Directed by Panos Cosmatos
If any of the many 1980s-synth-homage bands out there right now need a music video they should call Panos Cosmatos immediately. His Beyond the Black Rainbow, while failing to serve much feature-length cinematic purpose, is the perfect vehicle for a 3 ½ minute, leather-clad, red-saturated, Knight Rider-esque, video accompaniment.
Unfortunately, Beyond the Black Rainbow runs 110 minutes (making it, by my count, about 106.5 minutes too long). The plot, which mixes a bit of horror and science fiction references including Cronenberg, Argento, Kubrick, and Lucas, into its plodding pace, is certainly secondary to director Cosmatos’ visuals. A mad scientist Barry (Michael Rogers) keeps a young, mysterious girl Elena (Eva Allen) locked in an equally mysterious, sterile labyrinth. Barry’s got some issues. He’s also got a dark past, personified by his former mentor Mercurio (Scott Hylands), whom he now injects with drugs on a regular basis.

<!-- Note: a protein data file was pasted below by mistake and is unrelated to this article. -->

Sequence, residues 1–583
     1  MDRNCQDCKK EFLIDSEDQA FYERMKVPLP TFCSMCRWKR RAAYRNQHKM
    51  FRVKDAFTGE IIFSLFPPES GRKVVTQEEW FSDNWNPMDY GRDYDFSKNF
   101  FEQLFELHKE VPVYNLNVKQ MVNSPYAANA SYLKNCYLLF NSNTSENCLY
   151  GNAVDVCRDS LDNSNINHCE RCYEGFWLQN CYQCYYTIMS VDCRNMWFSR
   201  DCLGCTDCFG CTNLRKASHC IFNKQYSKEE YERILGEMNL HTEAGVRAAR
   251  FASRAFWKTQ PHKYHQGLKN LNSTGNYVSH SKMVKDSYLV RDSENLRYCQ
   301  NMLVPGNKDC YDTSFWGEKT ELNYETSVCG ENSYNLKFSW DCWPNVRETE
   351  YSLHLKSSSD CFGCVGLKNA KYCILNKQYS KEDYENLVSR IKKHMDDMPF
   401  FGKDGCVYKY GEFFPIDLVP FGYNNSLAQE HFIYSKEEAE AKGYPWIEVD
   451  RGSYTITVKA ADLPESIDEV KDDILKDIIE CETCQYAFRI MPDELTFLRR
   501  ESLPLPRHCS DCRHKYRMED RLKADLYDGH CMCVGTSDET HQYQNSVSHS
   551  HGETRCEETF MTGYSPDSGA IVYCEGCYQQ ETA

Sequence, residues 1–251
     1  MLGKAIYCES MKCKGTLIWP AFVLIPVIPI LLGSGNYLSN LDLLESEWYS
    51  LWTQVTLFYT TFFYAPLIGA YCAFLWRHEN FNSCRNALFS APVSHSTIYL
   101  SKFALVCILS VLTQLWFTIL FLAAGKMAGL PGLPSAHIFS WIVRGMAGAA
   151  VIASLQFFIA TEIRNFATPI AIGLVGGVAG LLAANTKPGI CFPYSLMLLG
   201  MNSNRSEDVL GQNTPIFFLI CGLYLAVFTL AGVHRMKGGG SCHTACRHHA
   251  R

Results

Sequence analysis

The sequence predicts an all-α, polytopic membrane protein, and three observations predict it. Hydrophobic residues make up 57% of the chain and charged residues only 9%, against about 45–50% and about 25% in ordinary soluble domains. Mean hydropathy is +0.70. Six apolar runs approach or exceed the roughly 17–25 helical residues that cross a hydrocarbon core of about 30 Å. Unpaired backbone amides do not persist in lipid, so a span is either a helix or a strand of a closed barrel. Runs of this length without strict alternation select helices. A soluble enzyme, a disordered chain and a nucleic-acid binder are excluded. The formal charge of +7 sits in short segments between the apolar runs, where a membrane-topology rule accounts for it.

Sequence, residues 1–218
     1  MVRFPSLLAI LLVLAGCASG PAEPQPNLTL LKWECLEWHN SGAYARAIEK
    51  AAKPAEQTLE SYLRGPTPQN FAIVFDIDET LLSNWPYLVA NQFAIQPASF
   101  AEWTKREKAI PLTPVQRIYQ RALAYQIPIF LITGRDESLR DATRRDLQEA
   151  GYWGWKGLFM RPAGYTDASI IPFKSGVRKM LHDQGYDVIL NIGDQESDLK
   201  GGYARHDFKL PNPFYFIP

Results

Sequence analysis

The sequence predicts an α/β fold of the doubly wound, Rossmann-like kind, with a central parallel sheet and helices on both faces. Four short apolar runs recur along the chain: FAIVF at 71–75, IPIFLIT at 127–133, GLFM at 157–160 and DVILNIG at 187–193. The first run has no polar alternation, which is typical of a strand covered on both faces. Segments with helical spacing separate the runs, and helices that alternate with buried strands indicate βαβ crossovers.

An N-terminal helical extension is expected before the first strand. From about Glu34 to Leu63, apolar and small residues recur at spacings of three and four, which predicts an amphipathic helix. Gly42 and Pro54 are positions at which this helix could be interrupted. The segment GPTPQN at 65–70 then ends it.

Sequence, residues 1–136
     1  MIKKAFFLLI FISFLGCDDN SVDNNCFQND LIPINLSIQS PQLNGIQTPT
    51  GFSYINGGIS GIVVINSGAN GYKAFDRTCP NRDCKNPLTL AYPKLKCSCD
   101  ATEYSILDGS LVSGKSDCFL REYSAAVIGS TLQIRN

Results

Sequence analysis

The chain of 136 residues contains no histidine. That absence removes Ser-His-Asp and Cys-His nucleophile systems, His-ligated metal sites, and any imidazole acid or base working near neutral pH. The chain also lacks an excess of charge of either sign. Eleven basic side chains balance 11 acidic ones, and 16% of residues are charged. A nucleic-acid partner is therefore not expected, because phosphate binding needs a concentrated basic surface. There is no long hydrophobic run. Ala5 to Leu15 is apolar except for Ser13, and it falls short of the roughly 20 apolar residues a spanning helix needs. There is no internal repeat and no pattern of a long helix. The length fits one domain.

Cosmatos doesn’t seem to care much for his own script. He instead focuses on an overwhelming amount of close-ups, which contribute to the claustrophobic feel of the piece, an obviously digitally manipulated image-veneer, a pulsing, bass-driven soundtrack, and color schema that frequently bathes the entire frame in variations of red. Fine visuals at times, the problem is that these don’t add up to much. What seems to want to be a partly comedic, partly philosophical treatise on…something…turns into a race for which actor can move the slowest and emote the least.
It’s difficult to tell whether the close-ups, which become increasingly tiresome, are a result of Cosmatos’ desire to intentionally cramp the space of the film, or of set limitations. To his credit, the wide-shots at the end of Beyond the Black Rainbow do feel liberating, though by that time it’s far too little, and far too late.
– Neal Dhand